Engaging narratives that connect with our fundamental selves are essential for our lives. Reasoned, tested science has made a good deal of modern life possible. Both have their place. The difficulty is when we confuse the when and where of their application.
As nonprofit organizations seek to elicit financial support from prospective donors, they often seek to prove their case. Inevitably that “proof” involves some sort of statistical evidence or science.
The unique fundraising idea is that well-meaning charitable organizations shouldn’t be trying to prove anything. Instead, nonprofit leaders should be focused on telling a good story.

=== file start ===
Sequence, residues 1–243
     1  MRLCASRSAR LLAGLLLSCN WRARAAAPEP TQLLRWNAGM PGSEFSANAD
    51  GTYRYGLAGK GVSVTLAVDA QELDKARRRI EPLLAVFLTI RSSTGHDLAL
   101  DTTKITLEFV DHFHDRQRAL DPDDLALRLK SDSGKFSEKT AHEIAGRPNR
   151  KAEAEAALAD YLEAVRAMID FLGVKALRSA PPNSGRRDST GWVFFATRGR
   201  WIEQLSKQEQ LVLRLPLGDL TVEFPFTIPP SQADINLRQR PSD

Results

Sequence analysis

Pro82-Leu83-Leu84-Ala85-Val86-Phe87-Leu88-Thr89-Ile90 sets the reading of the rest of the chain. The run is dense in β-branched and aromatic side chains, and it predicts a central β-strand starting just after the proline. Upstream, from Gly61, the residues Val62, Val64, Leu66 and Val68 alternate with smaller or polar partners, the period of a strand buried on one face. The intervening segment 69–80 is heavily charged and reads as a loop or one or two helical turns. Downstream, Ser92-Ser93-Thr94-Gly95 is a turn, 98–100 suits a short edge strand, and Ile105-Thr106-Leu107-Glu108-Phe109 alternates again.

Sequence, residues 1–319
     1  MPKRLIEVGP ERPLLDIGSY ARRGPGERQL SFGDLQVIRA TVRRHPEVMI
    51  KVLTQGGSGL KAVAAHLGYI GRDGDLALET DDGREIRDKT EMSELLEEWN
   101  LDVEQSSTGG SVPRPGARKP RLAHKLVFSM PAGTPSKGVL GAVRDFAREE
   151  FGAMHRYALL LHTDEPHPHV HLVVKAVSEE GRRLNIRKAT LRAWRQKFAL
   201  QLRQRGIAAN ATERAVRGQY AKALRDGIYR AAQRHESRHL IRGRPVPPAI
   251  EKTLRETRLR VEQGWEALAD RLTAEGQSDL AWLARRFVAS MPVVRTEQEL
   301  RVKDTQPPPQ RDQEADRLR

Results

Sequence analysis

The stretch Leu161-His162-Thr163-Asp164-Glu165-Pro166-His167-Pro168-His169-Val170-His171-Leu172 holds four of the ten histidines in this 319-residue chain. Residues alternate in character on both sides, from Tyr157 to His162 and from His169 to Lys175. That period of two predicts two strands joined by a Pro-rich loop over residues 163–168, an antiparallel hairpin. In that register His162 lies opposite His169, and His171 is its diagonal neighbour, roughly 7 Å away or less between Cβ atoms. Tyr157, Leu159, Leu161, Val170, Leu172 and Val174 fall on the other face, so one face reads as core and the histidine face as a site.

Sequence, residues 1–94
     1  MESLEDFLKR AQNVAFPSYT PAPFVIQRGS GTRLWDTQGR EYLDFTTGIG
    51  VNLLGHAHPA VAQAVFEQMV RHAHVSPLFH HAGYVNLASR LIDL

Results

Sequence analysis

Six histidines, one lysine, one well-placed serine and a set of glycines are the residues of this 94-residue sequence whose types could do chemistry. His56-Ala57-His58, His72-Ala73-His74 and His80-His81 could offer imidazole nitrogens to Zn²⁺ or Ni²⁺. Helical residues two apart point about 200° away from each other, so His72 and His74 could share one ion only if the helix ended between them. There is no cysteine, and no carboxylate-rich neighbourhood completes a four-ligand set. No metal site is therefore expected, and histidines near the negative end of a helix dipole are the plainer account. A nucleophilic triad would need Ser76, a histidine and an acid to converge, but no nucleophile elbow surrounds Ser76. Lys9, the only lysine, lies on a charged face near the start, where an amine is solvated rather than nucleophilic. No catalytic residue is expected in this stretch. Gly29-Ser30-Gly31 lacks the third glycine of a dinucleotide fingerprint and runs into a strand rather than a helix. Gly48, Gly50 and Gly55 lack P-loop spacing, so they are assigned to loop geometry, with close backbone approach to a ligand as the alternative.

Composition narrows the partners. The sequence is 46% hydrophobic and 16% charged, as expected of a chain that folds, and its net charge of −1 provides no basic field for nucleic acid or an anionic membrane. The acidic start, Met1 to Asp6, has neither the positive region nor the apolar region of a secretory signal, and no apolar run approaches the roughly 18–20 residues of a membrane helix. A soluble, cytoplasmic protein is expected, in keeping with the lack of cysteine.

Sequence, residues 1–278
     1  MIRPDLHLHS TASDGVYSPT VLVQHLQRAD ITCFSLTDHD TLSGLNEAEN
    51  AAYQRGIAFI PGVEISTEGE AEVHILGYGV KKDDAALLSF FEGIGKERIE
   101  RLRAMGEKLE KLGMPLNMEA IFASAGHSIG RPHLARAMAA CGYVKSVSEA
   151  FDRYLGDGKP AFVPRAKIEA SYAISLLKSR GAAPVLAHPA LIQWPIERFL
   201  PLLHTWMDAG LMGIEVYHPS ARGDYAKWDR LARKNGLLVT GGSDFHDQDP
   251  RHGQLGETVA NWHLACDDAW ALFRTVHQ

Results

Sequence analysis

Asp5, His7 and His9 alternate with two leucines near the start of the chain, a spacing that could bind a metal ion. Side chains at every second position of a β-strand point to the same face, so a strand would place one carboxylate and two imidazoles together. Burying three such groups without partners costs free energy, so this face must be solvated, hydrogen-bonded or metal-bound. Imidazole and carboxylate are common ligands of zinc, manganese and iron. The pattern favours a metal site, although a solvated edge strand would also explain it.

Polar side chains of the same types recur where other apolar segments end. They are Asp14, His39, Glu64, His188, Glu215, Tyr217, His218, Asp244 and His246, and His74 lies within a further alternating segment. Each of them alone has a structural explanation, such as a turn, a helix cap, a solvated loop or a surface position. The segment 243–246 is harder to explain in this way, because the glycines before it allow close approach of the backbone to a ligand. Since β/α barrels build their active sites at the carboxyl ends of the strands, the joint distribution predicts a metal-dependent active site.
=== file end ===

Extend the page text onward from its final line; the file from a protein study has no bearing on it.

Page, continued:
Philanthropy is both rational and irrational—head and heart. When we consider making a charitable gift, our heart always leads, however. Once engaged in this way, our brains can process the rational “proof.”
Writing a good story that is true and convincing is hard work. It can be a lot more difficult than compiling columns of numbers through careful, but misguided, measurement.
Don’t’ fall for the conventional. Go for the unique fundraising idea: compelling stories are far more effective at engaging and keeping donors than graphs and tables, no matter how accurate.
Principle 2 of The Eight Principles of Sustainable Fundraising® is Begin at the Beginning™. Begin by carefully crafting a true narrative that will engage those from whom you hope to enlist financial support. Now there’s a unique fundraising idea.